The communications ecosystem must cover the entire value chain and be established early – coordinating actions and data exchange with the suppliers, distributors, and other partners. This gives designers direct access to sourcing information on materials and contracted sub-systems. Simultaneously, a robust product lifecycle management system, built on digitalization, weaves all engineering work together to create today’s complex products, while still considering the available resources of the enterprise. Integrating these siloed processes helps bring a better and more sustainable product to market faster.
A well-connected industrial design ecosystem also provides feedback loops between design and the value chain. The mechanical designers may have requested and designed a product around one aluminum alloy in initial design iterations, but the supplier discovers a slightly different alloy with comparable properties but with better print viability within the existing infrastructure. Whether the business decision is to change the alloy or contract a different manufacturing supplier that can reliably print in the initial alloy, this new data point is added to the collective intelligence for future iterations.
Supplier decisions can have dramatic impacts on the sustainability of a product. One supplier might be able to employ renewable electricity because of their proximity to wind, solar, or other sustainable energy sources. Another might be closer, geographically, to the rest of manufacturing which limits the emissions due to transportation and logistics. These types of metrics are critical in making products more sustainable across the entire value chain.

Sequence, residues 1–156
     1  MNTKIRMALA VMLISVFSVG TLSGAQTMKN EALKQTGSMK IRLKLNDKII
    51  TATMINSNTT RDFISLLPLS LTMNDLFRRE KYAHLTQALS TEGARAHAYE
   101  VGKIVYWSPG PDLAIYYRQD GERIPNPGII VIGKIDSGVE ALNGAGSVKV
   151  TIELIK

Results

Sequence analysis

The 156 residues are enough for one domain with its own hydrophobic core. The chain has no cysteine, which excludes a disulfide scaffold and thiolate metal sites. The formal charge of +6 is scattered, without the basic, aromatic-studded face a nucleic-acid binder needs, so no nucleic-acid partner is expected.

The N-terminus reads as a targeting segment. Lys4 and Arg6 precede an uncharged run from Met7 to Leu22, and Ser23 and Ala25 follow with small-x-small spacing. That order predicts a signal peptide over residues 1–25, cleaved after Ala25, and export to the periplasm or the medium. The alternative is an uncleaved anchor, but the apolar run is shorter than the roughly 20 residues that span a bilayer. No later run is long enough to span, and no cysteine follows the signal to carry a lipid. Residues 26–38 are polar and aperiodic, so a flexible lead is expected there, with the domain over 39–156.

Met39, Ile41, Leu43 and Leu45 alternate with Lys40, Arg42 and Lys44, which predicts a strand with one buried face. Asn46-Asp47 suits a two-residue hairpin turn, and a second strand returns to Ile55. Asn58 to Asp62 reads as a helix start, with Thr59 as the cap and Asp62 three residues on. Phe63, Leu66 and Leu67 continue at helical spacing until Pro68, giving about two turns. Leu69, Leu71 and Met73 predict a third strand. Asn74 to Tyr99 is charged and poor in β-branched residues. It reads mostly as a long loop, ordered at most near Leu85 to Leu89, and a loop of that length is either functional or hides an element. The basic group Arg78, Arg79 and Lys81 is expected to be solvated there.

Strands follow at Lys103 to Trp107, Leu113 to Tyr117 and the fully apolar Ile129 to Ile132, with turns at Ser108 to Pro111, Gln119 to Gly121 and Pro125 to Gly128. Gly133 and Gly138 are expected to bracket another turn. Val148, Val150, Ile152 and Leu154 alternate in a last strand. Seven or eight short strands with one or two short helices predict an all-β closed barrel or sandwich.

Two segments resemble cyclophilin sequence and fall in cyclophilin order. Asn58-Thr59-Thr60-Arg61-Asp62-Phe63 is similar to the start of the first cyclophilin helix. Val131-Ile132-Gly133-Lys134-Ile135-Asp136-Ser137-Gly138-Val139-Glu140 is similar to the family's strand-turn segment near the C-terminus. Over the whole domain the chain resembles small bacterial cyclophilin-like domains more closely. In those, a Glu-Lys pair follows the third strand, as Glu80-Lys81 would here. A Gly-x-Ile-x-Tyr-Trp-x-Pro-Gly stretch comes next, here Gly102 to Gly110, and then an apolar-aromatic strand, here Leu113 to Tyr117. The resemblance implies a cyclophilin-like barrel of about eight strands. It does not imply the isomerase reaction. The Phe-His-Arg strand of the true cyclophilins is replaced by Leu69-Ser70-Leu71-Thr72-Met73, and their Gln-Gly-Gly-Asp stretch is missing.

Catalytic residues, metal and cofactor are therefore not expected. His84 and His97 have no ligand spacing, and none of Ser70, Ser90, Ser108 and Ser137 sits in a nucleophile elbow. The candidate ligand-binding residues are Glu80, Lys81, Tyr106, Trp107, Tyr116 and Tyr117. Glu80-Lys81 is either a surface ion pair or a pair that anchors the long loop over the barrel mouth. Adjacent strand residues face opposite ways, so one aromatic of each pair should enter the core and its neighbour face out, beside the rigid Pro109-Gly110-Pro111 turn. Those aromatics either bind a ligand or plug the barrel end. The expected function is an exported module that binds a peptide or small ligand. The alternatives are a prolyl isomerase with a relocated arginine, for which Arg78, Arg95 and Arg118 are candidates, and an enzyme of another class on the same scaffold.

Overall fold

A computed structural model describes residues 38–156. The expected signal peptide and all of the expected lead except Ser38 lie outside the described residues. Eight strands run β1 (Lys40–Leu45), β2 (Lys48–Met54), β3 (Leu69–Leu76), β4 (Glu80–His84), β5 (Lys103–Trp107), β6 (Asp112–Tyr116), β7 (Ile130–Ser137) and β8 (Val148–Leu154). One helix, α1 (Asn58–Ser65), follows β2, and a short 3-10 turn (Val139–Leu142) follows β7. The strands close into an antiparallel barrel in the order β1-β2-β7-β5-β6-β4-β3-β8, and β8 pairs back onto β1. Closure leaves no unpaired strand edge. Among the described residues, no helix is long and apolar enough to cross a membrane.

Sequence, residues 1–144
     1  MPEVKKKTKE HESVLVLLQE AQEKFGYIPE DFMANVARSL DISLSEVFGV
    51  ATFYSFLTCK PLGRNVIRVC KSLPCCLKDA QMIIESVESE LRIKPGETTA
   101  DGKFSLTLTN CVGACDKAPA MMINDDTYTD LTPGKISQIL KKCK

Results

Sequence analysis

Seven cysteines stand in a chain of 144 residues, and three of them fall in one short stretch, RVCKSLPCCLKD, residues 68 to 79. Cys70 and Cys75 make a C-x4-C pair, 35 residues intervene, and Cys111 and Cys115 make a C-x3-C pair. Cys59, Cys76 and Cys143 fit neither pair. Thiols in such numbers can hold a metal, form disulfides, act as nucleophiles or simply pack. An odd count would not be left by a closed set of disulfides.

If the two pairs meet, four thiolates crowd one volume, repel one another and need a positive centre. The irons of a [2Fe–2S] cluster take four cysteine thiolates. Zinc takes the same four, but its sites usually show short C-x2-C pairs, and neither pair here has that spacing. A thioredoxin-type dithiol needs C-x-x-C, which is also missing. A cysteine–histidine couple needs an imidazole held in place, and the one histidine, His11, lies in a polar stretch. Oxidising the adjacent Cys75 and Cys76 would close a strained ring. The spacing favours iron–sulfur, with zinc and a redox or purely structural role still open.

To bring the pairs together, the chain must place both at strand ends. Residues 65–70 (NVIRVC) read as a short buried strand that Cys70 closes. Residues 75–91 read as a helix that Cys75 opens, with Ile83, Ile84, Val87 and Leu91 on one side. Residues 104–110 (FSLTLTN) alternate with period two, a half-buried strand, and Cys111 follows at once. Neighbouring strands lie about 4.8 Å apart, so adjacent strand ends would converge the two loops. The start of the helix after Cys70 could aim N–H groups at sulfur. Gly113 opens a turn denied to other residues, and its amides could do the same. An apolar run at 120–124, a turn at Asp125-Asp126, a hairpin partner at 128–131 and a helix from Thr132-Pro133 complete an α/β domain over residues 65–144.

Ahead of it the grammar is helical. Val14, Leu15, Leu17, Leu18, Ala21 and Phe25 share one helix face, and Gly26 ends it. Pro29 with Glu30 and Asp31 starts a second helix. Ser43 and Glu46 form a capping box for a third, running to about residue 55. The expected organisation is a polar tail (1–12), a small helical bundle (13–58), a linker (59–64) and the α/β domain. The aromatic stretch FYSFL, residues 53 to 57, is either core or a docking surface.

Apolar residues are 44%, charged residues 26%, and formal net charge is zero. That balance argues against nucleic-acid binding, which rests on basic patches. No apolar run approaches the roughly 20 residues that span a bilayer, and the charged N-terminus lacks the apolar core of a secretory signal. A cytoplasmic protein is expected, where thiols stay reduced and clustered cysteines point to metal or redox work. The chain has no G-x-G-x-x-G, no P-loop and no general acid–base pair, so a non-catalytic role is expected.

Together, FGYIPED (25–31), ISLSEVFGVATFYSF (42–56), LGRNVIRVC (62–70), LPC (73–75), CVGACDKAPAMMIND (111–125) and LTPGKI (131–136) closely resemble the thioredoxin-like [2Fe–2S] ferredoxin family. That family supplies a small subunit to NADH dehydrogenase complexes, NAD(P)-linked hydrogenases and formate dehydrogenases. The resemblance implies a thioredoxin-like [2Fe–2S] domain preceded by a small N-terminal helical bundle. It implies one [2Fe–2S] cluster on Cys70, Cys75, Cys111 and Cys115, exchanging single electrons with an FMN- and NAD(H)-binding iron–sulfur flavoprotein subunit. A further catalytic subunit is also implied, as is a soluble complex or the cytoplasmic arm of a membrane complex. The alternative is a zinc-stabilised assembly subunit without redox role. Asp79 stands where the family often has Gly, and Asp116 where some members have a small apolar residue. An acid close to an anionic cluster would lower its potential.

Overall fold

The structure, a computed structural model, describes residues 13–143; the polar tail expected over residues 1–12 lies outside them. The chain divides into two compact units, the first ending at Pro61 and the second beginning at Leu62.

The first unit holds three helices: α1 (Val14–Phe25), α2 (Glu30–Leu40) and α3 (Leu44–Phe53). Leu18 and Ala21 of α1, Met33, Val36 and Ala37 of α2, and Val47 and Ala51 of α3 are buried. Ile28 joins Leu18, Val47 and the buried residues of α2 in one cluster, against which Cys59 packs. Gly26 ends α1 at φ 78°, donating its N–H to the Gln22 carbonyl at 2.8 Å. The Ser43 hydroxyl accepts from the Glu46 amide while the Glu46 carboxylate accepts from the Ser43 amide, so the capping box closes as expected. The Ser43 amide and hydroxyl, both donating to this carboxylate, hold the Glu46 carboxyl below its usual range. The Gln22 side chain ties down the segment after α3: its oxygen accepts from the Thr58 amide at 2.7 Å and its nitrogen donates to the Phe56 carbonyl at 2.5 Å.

Collaborations can extend further into the value chain to a product’s end-of-life, working towards circularity. Choosing a stronger material means it could be re-used. A stronger component may also be more difficult to manufacture, requiring more energy intensive processes. The volume and variability of these decisions is why digitalization and simulation are so important to sustainable design – simpler decisions can be automated, and complex ones are infused with greater intelligence.
Further optimize design with holistic sustainability indicators
Finally, it is important to revisit and evaluate the decisions at every stage of the product lifecycle. Holistic sustainability indicators must be integrated into the digital twin from the beginning for ongoing visibility of sustainability goals in concert with other requirements. This may require the design to include physical sensors that collect diagnostic and environmental conditions through manufacturing, delivery, and usage as well as carbon footprints and material costs. With a larger dataset it is even possible to include virtual sensors that rely on the models created in the digital twin.
Physical sensors feed the simulation models, providing a clearer understanding of decisions early in design while virtual sensors and models interpolate and extrapolate sustainability indicators from complex systems. These indicators enable closed-loop optimization between design, manufacturing, and usage.
Ready for your next, sustainable design
Sustainable design is about intentional decisions based on the collective intelligence of a product’s design, manufacturing, and operation across the entire value chain. It enables a product to be delivered with the fewest number of resources, be they material, energy, or otherwise. This requires a system of systems approach to create a comprehensive digital twin that accurately reflects all the diverse disciplines needed to create a complex product. It also needs to be built upon an industrial design ecosystem that facilitates the flow of crucial, real-time data across the enterprise and with external suppliers. And holistic sustainability indicators must be included to ensure decisions are well-informed to meet sustainability targets alongside other business goals. Sustainable products start with sustainable designs, created with intention.
Siemens Digital Industries Software
Filed Under: Green engineering • renewable energy • sustainability